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Such a scheme includes factorization as an additional barrier in case discrete logarithm modulo primes is broken and so why is this not popular and defined in standards? Actually, it would not be an "additional barrier", instead, it would be an additional avenue of attack. After all, the standard attacks against a discrete log problem still work ...

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Nigel Smart has written Cryptography Made Simple. If you have institutional access, the ebook can be downloaded for free from SpringerLink. To quote the book regarding prerequisites: The background I assume is what one could expect of a third or fourth year undergraduate in computer science. One can assume that such students have already met the basics of ...

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I think Johannes Buchmann, Introduction To Cryptography, Springer, 2nd Ed, 2004 is very nice and pitched squarely at undergraduates. You can see a preview here https://books.google.com.au/books/about/Introduction_to_Cryptography.html?id=BuQlBQAAQBAJ&printsec=frontcover&source=kp_read_button&redir_esc=y#v=onepage&q&f=false Its contents are:...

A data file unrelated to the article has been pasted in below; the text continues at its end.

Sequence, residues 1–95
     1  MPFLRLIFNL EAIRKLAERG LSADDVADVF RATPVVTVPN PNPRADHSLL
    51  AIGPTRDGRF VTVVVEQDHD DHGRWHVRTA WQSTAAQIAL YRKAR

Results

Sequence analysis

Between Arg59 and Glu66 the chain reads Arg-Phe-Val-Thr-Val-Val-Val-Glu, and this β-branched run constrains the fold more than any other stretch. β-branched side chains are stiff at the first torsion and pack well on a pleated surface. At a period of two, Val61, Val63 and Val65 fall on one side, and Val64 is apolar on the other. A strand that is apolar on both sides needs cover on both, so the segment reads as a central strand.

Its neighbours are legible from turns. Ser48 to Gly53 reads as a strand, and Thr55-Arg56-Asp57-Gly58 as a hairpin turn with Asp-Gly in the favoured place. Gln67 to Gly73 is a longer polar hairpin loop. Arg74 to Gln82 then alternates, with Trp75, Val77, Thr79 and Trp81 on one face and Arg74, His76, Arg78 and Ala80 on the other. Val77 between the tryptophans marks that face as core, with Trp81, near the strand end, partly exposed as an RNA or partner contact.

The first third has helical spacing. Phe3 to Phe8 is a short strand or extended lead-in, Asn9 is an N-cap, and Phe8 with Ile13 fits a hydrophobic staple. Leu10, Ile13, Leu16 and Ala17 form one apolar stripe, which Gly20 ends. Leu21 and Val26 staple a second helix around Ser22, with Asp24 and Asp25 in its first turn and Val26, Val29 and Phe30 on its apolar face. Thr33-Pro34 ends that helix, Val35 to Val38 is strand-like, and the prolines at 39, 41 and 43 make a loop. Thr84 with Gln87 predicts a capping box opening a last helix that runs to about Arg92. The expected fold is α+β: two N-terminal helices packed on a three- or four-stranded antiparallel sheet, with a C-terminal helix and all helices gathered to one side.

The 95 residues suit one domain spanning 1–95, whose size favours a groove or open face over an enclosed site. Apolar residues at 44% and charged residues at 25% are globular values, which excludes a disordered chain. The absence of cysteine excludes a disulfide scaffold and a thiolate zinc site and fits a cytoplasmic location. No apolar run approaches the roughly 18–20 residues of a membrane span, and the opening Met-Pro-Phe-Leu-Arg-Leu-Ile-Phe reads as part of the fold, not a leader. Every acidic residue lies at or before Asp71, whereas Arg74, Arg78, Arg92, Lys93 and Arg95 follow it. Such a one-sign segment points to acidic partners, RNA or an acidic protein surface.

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The correct form is: The integer $a \mod Z_n$ has multiplicative inverse iff $gcd(n,a)=1$ Here, you are working on exponents, so you must consider the modulo as $\phi(n)$ not $n$. Therefore, here you can find the inverse of $e$ iff $gcd(e, \phi(e))=1$. This guarantees that you be able to find the inverse of $e$ using extended Euclidean algorithm.

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